A Spark in the Midst of Darkness

The experience of a psychotherapist treating survivors of sexual violence in Tigray

This blog contribution describes the author’s discussions with Dr. Feven Tekelehaimanot, a Tigrayan psychotherapist who has been working with Tigrayan survivors of sexual violence perpetrated during the on-going war. The essay includes details of survivors’ accounts of violence that readers may find disturbing.

One day last month I met a young psychotherapist named Feven Tekelehaimanot. She is a lecturer at the medical school of Mekelle University, who has been involved in the treatment of women victims of sexual violence in Tigray. This experience brought her close to the horrendous suffering of the victims as a result of mass rape that can only be described as genocidal.

Feven has written a book, in Amharic (soon to be published), which is being translated into English. This blog post draws attention to her work and forthcoming publication.

In her six months of her assignment as a psychotherapist, Feven delivered her services to victims in twenty urban and rural locations including in Axum, Mahbere Diego, Daero Hafash, Eedaga Arbi, Semema, Eedaga Selus, Eedaga Berhe, Ahseaa, Rama, Feresemai, Gendebta, Yeha, Adwa, Enticho, Eedaga Arbi, Maikinetal, Chila, Ferima, Debregenet, and Debrebirhan.  During those times, she treated over 331 women and girls. Her patients were of all ages. The oldest was a 75-year-old grandmother and the youngest was a child of six years.

Feven tells me:

The violence the women faced took many horrific forms: gang rape by members of a single force; gang rape by multiple forces; rape with foreign objects; abnormal sex; rape while other family members (including children, husbands and fathers) were forced to watch; rape while looking at the remains of deceased loved ones; and gang rape on mothers and children together. I learned that all the victims were raped along with dehumanizing insults and degrading names regarding their racial background and they themselves as persons.

I have facilitated medical assistance to those who had physical problems including: the interruption of rape-induced pregnancy; various forms of reproductive system infections; fistula; and bullet wounds. I have also treated my patients for various forms of psychological problems including: post-traumatic stress disorder, depression, anxiety, all kinds of somatic symptoms, panic attacks, obsessive-compulsive disorders and attempted suicide being some of them.

I myself have passed through an agonizing experience while treating my patients.

Many victims died from the abuse. Many others are struggling to survive the trauma of the suffering they went through. I have cuddled and attempted to comfort many of those who are grieving for lost family members and are still suffering from the physical and psychological consequences of the violence they endured. I learned that the whole population of Tigray is struggling to survive the genocide but learned that those victims of sexual violence are the most challenged, devastated, and disadvantaged in their struggle.

Victims of sexual violence need resources and a complete support system that includes medical, legal, economic rehabilitation, and psychosocial rehabilitation support services in order for them to live from one day to the next.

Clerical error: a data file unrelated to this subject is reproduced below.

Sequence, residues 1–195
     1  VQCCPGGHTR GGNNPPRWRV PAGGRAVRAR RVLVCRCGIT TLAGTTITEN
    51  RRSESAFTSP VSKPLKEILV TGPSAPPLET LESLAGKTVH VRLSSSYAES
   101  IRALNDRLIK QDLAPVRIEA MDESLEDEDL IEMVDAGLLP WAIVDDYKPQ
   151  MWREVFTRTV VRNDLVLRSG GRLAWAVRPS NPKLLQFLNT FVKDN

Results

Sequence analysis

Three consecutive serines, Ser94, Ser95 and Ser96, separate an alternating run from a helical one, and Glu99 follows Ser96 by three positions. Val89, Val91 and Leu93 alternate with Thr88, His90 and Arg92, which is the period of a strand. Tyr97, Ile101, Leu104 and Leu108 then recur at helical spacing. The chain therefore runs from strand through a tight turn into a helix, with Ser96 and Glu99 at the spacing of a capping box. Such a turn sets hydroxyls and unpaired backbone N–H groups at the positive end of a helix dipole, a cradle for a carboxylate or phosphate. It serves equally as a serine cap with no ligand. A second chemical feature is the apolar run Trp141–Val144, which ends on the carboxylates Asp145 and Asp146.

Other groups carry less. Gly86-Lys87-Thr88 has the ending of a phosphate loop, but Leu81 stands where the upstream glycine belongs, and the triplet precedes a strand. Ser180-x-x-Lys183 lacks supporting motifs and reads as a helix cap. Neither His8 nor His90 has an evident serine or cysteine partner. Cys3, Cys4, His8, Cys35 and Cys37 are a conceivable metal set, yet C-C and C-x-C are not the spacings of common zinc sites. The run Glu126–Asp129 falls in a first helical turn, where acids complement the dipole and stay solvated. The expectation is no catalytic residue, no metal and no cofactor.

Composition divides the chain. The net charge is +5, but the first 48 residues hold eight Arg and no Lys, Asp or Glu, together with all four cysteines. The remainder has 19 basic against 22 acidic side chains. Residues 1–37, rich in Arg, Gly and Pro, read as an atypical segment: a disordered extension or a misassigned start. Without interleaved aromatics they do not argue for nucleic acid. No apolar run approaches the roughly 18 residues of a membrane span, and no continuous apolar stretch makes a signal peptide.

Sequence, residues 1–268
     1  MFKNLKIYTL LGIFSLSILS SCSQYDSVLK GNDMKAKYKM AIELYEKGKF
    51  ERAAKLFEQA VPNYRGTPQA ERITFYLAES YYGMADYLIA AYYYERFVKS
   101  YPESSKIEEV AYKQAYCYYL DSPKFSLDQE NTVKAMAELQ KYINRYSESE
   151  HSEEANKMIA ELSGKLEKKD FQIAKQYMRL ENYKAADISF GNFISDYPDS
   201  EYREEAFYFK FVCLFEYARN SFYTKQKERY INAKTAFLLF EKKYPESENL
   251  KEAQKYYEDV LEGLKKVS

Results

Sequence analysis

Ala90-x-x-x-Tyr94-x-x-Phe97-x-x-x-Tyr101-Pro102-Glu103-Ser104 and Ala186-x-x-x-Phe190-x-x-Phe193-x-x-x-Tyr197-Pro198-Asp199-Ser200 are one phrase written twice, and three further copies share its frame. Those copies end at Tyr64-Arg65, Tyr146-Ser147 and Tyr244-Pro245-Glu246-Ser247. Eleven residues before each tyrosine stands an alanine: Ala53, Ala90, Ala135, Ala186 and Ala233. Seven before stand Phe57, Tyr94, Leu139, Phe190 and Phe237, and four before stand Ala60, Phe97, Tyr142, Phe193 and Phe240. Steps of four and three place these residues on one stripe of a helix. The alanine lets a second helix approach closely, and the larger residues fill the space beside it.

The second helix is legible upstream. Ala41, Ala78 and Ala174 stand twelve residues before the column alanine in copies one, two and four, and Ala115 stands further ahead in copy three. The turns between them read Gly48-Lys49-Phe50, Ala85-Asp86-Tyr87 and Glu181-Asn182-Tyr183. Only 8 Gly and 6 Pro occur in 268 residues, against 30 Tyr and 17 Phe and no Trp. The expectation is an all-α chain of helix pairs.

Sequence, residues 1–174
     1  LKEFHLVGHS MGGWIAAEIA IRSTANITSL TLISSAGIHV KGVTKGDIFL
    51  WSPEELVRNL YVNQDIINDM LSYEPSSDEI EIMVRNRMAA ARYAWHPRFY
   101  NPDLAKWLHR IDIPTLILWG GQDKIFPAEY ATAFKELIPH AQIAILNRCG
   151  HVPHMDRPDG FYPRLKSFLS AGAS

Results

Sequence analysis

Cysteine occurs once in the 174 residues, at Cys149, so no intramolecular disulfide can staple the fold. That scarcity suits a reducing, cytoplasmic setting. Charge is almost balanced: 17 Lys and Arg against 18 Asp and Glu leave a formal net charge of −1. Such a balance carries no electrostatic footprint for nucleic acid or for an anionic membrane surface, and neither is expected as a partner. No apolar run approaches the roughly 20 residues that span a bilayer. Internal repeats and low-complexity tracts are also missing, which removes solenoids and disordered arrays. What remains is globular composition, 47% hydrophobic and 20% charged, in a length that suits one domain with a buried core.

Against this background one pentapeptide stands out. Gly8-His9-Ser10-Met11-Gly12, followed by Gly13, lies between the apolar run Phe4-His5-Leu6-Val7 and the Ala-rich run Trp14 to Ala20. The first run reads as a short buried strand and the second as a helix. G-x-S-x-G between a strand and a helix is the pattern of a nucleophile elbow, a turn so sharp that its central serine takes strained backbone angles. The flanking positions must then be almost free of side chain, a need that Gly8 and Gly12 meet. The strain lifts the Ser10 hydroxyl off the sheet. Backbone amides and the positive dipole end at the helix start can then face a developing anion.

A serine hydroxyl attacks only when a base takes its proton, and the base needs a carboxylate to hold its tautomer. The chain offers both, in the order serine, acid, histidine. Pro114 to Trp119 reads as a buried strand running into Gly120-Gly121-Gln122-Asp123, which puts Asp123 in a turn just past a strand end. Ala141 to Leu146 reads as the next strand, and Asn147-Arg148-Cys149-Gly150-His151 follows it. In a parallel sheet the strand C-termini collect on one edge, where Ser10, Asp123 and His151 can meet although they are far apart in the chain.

Furthermore, Feven explains that access to such services is extremely limited in Tigray. She continued:

Rape victims have to travel to those centers, pay for their transport and their stay for treatment when and if the centers decide to treat them as outpatients. Some may not have immediate family members to assume nursing, child-care, and household responsibilities during their travels for treatment. Many of them do not even have the means to eat and have to work every day to get the necessities of life, which further impairs the likelihood that they will decide to access medical care. As a result, the rehabilitation of rape victims is not possible without meaningful economic support.

I believe that the return of rape victims to a dignified life is not possible without administering formal and proper reparation. By reparation, I include the restoration of circumstances that existed prior to the violence (restitution) and compensation for resulting material losses, as well as physical and emotional pain and suffering; legal, medical and psychological assistance to assist their rehabilitation. As well as restorative measures, I foresee that justice in Tigray should include criminal accountability for murder, sexual violence, and other crimes.

Ethiopia is party to international treaties that oblige it to ensure that victims of human rights violations, including rape survivors, have access to an effective remedy, including compensation, and to the highest attainable standard of health. Nevertheless, Feven knows that Ethiopia has never had the capacity to meet its obligations in implementing the international treaties it signed and ratified. Tigray is going to face a huge task of creating an enabling environment for dealing with rape crimes according to the international treaties ratified by Ethiopia. The task of addressing the medical, psychosocial, economic, and legal needs of the victims of the genocide will in any case fall on the shoulders of Tigray and its government. It is therefore mandatory for Tigray to create the infrastructure capable of dealing with a huge caseload. The regional government of Tigray also needs to review and update its legal measures to introduce measures to respond to the problem of sexual violence of all kinds, not just conflict-related or genocidal rape.